Federal authorities believe two Bay Area attacks on law enforcement are the work of the same domestic terror cell.
The federal courthouse ambush in Oakland that left Federal Security Officer David Underwood dead two weeks ago and the attack that killed Santa Cruz Sheriff's Sergeant Damon Gutzwiller, and wounded two other members of law enforcement, are believed to be connected.
Multiple sources with knowledge of the federal investigation into both shootings say Steven Carrillo – who is being held for the shooting death of the deputy in Ben Lomond – is believed to also be the gunman in the Oakland shooting. The driver of the van involved remains at large.
Justin Ehrhardt trained with Carrillo in 2014 at Hill Air Force Base in Utah and never had a hint that Carrillo was capable of a homicide, especially of law enforcement.
“It was a huge shock to say the least and those of us who know him no him as someone who is really nice and helpful, friendly,” said Ehrhardt.
At the time of the killings, Carrillo was stationed at Travis Air Force Base in Fairfield, trained in explosives and tactics. A month ago he called Ehrhardt and nothing stood out.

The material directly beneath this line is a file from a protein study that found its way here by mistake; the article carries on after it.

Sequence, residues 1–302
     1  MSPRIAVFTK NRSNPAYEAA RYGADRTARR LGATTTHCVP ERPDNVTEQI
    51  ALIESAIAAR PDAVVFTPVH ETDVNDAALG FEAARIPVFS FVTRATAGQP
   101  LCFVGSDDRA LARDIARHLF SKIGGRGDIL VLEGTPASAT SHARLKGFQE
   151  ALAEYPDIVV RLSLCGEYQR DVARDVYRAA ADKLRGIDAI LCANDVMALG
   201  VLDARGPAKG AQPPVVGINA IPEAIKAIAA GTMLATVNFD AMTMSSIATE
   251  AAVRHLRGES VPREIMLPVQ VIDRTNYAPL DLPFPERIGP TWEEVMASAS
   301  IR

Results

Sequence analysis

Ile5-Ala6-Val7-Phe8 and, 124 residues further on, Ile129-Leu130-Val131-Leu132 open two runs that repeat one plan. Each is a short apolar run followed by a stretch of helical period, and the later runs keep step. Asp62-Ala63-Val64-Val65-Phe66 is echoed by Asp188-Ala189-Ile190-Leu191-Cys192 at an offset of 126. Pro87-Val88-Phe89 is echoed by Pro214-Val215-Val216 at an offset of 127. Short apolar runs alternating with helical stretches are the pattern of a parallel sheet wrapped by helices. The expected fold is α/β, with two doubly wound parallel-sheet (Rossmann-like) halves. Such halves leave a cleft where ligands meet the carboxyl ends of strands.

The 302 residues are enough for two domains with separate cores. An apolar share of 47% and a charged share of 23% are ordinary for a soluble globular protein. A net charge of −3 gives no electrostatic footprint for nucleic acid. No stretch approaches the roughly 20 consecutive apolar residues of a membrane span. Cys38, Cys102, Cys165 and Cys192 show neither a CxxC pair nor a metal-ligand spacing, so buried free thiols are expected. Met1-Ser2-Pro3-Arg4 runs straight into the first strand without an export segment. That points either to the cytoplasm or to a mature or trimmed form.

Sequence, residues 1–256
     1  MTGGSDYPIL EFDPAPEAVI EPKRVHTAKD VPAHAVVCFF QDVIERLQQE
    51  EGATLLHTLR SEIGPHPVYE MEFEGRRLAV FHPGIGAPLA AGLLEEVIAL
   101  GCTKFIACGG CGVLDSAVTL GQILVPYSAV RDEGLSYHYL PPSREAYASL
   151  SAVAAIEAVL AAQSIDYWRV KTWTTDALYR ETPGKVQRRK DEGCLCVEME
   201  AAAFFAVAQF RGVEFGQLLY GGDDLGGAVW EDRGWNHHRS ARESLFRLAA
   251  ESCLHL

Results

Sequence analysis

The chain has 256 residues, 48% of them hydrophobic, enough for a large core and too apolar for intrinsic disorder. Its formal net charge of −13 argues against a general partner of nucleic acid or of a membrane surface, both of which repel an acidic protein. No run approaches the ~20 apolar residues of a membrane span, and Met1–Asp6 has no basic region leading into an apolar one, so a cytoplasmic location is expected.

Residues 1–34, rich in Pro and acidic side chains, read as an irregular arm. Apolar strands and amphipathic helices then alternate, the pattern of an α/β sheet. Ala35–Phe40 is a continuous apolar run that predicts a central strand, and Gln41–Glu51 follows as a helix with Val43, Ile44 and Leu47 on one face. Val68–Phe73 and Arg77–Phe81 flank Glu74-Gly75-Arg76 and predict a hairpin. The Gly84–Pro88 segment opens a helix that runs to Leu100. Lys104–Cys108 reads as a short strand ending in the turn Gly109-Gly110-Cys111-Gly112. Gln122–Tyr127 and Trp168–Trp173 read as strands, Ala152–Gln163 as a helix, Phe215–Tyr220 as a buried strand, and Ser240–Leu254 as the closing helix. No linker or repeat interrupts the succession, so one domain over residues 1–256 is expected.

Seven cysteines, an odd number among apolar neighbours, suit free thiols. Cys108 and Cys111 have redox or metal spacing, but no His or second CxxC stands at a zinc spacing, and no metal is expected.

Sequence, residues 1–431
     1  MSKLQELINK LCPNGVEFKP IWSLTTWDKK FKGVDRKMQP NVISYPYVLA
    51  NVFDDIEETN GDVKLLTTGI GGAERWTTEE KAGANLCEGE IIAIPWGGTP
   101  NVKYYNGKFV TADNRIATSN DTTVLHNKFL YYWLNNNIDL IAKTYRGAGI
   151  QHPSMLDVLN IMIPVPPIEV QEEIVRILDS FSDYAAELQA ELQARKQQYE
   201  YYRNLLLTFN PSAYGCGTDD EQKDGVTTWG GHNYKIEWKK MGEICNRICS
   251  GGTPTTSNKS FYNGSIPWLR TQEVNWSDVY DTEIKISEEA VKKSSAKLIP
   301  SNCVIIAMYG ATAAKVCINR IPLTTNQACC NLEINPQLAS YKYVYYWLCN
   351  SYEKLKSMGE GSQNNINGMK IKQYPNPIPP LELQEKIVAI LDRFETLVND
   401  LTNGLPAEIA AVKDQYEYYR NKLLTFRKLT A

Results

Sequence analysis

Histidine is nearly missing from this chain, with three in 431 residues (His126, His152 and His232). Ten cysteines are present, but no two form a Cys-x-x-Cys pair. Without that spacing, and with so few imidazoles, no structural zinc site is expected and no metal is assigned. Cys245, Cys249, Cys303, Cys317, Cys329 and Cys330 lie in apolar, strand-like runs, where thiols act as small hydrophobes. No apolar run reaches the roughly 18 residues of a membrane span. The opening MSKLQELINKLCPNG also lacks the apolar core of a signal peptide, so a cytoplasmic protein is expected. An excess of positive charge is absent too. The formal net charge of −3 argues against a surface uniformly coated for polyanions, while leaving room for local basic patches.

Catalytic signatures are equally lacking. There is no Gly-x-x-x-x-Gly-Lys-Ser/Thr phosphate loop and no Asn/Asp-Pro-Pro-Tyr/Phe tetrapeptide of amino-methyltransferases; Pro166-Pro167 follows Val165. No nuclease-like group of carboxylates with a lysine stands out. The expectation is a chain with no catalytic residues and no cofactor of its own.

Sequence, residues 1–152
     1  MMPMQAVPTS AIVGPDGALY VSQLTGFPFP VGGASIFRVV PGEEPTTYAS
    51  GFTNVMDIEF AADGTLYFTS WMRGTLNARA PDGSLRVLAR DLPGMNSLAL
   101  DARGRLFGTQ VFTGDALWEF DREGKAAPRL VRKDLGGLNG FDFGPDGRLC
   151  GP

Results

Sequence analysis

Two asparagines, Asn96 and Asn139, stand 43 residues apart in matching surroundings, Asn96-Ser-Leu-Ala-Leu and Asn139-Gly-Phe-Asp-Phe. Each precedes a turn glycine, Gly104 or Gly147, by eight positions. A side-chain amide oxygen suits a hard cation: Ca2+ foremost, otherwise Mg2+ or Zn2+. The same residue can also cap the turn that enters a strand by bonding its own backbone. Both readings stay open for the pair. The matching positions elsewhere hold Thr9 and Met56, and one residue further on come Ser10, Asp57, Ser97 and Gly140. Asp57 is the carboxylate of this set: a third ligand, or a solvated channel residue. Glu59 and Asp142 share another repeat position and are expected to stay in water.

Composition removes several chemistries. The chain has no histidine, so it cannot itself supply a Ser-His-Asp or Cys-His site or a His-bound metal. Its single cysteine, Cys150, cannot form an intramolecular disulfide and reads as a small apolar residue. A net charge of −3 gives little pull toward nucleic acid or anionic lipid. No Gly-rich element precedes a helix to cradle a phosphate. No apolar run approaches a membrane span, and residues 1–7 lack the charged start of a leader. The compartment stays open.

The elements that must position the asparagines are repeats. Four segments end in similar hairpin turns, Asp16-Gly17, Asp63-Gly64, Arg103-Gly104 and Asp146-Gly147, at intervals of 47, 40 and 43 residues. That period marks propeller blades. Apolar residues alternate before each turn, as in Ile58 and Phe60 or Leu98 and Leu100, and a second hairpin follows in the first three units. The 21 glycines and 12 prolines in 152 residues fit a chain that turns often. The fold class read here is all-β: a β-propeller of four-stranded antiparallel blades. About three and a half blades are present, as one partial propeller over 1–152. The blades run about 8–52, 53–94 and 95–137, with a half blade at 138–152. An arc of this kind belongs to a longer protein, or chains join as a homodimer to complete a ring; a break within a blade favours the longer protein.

Then came Carrillo’s facebook posts, one after the other, criticizing police actions during the protests and violence following the death of George Floyd. Now, Carrillo is suspected of terrorism.
“We swear an oath to protect people from these kind of people and there’s no words I have to describe how pissed off I am about this,” said Ehrhardt.
On Capitol Hill Wednesday, the sister of the officer killed at the federal courthouse in Oakland spoke to lawmakers.
“I’m wondering where is the outrage over the death of a law enforcement officer who also happened to be African American?” said Angela Jacobs Underwood, sister of the deceased officer.
Authorities believe the van used for the Oakland shooting is the same one they recovered in the Santa Cruz County attack. They also recovered a cache of guns and explosives inside what they describe as a compound in the Santa Cruz mountains.